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Honda Jets Prepare to Fly


 

 

Honda of Japan has announced the formation of Honda Aircraft Co., Inc., with headquarters inGreensboro, North Carolina, for the manufacture and marketing of a new twin-jet small executive-type airplane it has developed. And in true Honda fashion, the subsidiary’s newly named CEO Michimasa Fujino was also the engineer who led the team that designed and developed the prototype Hondajet over a 20-year period.

Mr. Fujino told Detroit ’s Automotive Press Association that his company had shown off the prototype aircraft to a business flyers’ association and received more than 100 orders. However, it will be a while before there will be any deliveries: the Federal Aviation Administration (FAA) has granted Honda only experimental licensing for the plane, and it may be three to four years before “type certification” permitting sale is granted after extensive testing.

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The 41.7-foot long Hondajet lays claim to several new design features, most obviously the mounting of the jet engines on struts above the wings on either side of the unique composite material fuselage. The plane is projected to provide seven or eight seating positions, including pilot, providing more space for both passengers and luggage than present competitors in the small jet market, Eclipse and Cessna. According to the Detroit Free Press , the five-occupant Eclipse 500 and Cessna Citation Mustang are priced at $1.5 million and $2.6 million, respectively. The Japanese company projects the price for its Hondajet at $3.65 million.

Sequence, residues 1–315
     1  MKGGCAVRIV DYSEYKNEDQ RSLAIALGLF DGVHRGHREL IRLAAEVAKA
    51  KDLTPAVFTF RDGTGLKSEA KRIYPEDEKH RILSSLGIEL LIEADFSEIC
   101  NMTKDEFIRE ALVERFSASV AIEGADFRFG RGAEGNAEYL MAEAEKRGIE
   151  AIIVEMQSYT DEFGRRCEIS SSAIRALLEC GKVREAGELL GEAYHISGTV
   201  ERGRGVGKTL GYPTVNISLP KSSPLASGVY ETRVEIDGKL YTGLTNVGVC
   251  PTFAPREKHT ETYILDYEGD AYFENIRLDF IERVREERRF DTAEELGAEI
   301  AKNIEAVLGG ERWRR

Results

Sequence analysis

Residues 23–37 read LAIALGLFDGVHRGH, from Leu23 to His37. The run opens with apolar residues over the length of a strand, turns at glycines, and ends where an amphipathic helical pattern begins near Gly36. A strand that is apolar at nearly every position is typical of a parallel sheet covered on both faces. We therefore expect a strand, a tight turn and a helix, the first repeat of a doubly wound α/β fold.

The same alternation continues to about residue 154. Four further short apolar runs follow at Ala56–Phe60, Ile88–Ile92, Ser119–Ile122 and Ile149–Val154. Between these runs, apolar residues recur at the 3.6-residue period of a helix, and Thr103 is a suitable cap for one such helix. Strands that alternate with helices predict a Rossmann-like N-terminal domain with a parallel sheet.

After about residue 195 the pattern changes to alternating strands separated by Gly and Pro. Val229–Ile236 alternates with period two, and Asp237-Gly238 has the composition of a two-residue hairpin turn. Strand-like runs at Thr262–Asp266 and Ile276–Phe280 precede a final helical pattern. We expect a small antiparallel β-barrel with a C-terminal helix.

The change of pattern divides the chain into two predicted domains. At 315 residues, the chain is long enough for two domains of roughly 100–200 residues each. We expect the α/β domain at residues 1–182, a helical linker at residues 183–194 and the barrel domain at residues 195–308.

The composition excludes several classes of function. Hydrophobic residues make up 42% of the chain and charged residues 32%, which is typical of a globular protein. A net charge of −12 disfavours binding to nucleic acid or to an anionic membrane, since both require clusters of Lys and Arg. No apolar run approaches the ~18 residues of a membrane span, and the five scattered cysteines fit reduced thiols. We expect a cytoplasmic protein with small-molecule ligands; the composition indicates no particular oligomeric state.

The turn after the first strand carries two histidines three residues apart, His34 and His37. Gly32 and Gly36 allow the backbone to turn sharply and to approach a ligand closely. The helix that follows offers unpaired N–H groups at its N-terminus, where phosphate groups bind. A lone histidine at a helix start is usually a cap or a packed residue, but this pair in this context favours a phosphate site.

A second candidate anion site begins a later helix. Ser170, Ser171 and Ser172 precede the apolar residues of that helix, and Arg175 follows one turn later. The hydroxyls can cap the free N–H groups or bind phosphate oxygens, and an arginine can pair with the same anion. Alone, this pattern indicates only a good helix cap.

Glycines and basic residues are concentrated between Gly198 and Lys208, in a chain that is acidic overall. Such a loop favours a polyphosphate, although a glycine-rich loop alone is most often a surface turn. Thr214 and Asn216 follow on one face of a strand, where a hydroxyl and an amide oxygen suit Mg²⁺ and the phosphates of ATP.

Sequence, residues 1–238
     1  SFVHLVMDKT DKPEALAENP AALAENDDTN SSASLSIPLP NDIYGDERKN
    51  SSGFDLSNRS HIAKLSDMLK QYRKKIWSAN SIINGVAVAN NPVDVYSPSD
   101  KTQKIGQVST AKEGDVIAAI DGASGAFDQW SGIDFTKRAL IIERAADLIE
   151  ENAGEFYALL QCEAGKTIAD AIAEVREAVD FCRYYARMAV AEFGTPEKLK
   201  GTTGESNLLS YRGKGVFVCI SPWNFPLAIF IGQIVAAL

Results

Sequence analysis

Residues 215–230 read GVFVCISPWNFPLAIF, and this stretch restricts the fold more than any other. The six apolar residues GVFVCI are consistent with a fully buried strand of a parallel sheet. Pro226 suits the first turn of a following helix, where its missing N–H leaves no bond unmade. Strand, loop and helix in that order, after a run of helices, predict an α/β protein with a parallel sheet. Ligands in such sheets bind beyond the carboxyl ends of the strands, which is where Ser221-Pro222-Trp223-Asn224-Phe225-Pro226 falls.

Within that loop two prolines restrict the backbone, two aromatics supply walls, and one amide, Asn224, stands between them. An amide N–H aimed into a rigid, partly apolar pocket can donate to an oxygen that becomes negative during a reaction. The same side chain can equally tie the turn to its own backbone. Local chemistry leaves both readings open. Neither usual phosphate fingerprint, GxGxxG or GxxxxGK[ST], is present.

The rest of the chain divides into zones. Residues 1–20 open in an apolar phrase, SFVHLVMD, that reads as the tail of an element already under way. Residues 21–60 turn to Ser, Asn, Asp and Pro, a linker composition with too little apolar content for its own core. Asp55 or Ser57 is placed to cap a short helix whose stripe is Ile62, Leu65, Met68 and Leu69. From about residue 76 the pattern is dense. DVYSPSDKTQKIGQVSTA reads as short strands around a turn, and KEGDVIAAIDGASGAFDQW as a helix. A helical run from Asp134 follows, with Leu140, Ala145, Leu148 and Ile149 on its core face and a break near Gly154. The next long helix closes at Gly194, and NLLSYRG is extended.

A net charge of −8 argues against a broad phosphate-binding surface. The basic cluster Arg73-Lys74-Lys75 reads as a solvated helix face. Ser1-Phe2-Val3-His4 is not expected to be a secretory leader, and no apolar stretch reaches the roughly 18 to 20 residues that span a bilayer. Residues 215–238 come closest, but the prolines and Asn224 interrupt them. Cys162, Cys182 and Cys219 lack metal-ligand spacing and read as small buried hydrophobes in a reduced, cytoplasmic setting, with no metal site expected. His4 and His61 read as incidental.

Honda says it will announce later where in the U.S. the Hondajet plant will be built for worldwide distribution.

 

So what does this have to do with automobiles, and why should TheCarConnection readers care?

 

In the first place, an airplane is a “motor vehicle.” And Honda is big in motors, having started after World War II by converting war surplus radio generators into engines to power bicycles and morphing from there into motorbikes, motor scooters, and motorcycles as well as stand-by generators, outboard motors for boats, and finally Honda and Acura cars.

 

In the second place, as old timers and business historians know, it’s nothing new for an auto company to be in the aviation business. For example, Ford pioneered all-metal commercial airliners with its Stout-designed Tri-Motors, of which more than 170 were built between 1926 and 1932. During WWII, Ford redesigned the Consolidated B-24 so it could be built on an automotive-type assembly line, and turned out 8685 of the bombers at the famed Willow Run plant in a miracle of wartime production.

 

General Motors invested in Eastern Airlines, Trans World Airlines, Fokker Aircraft, Bendix, and North American Aviation in the 1930s, supplied Allison liquid-cooled engines for P-38, P-39 and P-40 fighters, and built more Grumman Avenger torpedo bombers than Grumman (including the TBM that President Bush 41 was flying when he was shot down in the Pacific late in WWII).

 

In the third place, Honda has a history of proceeding very deliberately from one highly engineered and innovative product to another, showing infinite patience with the normal delays that frustrate Western businesses. Eclipse, of which retired Ford CEO Red Poling is chairman, and old-line aircraft producer Cessna will need to step lively to keep ahead in the small jet market.

 

Is it unbelievable to speculate that Boeing, too, needs to keep an eye on Honda?

 

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